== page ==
Olympic Aftermath – Beijing, China, And the Environment

With the post-Olympic headlines understandably focused on the sporting achievements of the likes of Usain Bolt and his domination of the sprint events, or team G.B’s new record gold medal tally, it is perhaps expected that that which dominated media coverage before the event – the environmental policy of Beijing – has fallen temporarily to the sidelines.

But talk before and during the games signaled Beijing as a particularly special Olympics because of the political resonance of the event; the various political divisions that many see as characterising China as a nation state, including their human rights record, their dominance in trade, and their continuing commitment to the ‘One Party State’. Indeed it has been difficult over the last year to avoid discussion of the integrity of Beijing and the Chinese government, and whether their domestic and international policies represent a nation that was worthy of holding an international event with the stature of the Olympics.

That argument manifested itself quite cogently in the months before the event, in the coverage of the nation’s environmental efforts, mostly because journalists could make an obvious connection between Chinese national policy and the health of the Olympic athletes, rendering the broader political interest in the games as directly relative to the sport itself.

Armed with the humanist metaphor of the Olympic games and its association with fairness, equality of opportunity and the quest for human excellence, the world’s media set about a deconstruction of China’s ideologies and intentions, using the environment as its motif; the most fashionable topics on the planet, CO2 emissions, global warming, and climate change, were a fitting combination of concepts that could be used to attack a nation that many believe to be unethical on a number of fronts.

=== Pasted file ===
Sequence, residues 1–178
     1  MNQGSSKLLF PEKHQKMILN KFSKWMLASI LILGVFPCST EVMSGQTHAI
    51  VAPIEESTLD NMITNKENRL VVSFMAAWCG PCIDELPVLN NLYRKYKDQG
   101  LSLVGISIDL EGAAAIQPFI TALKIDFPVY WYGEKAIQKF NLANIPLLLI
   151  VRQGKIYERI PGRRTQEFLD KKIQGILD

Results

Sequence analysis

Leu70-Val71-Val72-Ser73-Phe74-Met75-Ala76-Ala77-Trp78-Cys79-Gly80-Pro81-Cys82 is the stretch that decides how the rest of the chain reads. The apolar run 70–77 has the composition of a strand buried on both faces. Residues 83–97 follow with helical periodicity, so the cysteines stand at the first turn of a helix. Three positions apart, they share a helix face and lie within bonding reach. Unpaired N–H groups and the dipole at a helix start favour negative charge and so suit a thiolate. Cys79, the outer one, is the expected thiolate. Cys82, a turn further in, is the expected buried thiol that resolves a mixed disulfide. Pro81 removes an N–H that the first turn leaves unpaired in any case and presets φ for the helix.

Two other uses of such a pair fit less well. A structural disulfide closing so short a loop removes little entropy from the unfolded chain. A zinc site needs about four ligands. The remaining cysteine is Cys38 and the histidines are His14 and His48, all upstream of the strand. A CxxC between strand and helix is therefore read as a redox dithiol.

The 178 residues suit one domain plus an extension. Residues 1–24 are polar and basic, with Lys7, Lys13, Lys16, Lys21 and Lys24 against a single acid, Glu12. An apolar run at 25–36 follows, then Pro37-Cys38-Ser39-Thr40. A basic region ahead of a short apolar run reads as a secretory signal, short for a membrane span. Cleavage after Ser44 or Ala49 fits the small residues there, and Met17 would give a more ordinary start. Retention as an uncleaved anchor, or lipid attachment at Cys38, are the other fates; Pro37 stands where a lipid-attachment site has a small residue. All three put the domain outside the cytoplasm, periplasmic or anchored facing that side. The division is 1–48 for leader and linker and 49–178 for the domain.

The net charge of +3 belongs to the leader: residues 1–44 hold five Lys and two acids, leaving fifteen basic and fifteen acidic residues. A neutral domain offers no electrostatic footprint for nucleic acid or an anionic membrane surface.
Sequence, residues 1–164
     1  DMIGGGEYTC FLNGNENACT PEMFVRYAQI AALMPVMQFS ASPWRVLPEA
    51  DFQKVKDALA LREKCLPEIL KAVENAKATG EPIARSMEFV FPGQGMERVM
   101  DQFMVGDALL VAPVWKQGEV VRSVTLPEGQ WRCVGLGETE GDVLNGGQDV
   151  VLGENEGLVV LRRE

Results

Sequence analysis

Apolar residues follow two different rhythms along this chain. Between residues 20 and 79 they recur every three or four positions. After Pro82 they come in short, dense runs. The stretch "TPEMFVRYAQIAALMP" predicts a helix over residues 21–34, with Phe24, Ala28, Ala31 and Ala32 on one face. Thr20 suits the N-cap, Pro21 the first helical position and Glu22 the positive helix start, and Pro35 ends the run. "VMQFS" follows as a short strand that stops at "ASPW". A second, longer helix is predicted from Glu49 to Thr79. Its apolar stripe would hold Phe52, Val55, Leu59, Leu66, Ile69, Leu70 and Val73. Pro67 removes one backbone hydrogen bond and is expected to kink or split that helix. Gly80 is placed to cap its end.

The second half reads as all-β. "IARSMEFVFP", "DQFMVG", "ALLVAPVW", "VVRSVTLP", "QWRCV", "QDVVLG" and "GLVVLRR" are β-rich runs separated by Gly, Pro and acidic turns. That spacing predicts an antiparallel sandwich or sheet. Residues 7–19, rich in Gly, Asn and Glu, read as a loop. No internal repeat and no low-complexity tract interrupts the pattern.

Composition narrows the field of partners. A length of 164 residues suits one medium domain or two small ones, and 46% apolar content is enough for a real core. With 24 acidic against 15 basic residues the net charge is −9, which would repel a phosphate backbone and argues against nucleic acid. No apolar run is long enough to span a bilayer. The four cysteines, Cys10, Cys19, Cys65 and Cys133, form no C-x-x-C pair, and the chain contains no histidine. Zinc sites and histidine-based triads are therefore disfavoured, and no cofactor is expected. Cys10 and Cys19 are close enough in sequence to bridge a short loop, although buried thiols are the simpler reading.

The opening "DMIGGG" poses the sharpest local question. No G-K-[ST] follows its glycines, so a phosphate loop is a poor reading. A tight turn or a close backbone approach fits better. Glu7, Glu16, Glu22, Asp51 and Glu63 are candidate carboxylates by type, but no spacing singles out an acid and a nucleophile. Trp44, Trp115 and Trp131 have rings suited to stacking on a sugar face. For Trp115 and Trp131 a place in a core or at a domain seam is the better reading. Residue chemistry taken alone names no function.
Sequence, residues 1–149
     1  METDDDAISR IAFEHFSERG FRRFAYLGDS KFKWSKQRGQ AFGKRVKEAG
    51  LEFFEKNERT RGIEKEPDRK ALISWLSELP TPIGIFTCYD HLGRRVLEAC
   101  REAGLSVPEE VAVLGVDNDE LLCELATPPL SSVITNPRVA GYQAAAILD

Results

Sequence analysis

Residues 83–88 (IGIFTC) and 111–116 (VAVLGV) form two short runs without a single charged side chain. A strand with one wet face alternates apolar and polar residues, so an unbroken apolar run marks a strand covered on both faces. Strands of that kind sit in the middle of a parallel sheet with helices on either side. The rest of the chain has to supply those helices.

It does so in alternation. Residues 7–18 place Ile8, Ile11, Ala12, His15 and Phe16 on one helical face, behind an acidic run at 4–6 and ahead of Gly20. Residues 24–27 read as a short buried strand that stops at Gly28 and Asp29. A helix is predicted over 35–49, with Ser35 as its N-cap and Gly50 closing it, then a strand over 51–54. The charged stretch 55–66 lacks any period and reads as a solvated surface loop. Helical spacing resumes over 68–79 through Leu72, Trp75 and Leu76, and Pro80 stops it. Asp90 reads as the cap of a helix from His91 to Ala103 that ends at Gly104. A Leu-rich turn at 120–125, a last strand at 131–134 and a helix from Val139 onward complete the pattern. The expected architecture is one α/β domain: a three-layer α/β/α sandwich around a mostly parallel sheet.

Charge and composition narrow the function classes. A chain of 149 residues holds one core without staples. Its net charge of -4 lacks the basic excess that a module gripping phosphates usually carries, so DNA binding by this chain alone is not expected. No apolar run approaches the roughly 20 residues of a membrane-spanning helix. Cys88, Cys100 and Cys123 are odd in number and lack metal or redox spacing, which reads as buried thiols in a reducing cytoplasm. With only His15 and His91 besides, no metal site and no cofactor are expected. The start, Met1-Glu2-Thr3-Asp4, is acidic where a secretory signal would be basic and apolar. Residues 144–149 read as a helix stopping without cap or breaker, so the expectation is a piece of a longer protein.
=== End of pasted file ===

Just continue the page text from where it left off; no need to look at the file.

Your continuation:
That began in earnest with discussions on the measures that Beijing had put in place since its Olympic bid in 2001, of which a majority of Western journalists deemed there were little; indeed many claim that it was only in the short term that China has made any difference to its environmental performance, when it closed hundreds of harmful factories and removed an estimated 1.5m cars from its roads.

Critics simply claimed that it was ‘too little, too late’, and used environmental policy as a case in point for what they believe to be China’s disregard for individual and national welfare, and the international community at large. For skeptics, it was a key battle that China had lost; they had not used the Olympics as a way to develop sustainable infrastructures for the improvement of the nation’s environment and ecosystems, just as it had not matched its successful Olympic bid with a more co-operative foreign or human rights policy, as critics argued they had shown over Tibet, of which there was much media coverage in the countdown to the games.

What Beijing 2008 has shown us, then, is that the environment is just as important as a concept as it is in reality; the importance of climate change, global warming and CO2 emissions to the media and the general public at large has grown so considerably that it is the chief political tool in the discussion, promotion and criticism of countries, companies and politicians.

That combination of the metaphorical and the actual is a powerful combination indeed.

Chris Woolfrey is an expert on Chinese domestic and foreign policy, and specializes in environmental issues. He writes for http://www.ecoswitch.com

Article Source: Olympic Aftermath – Beijing, China, And the Environment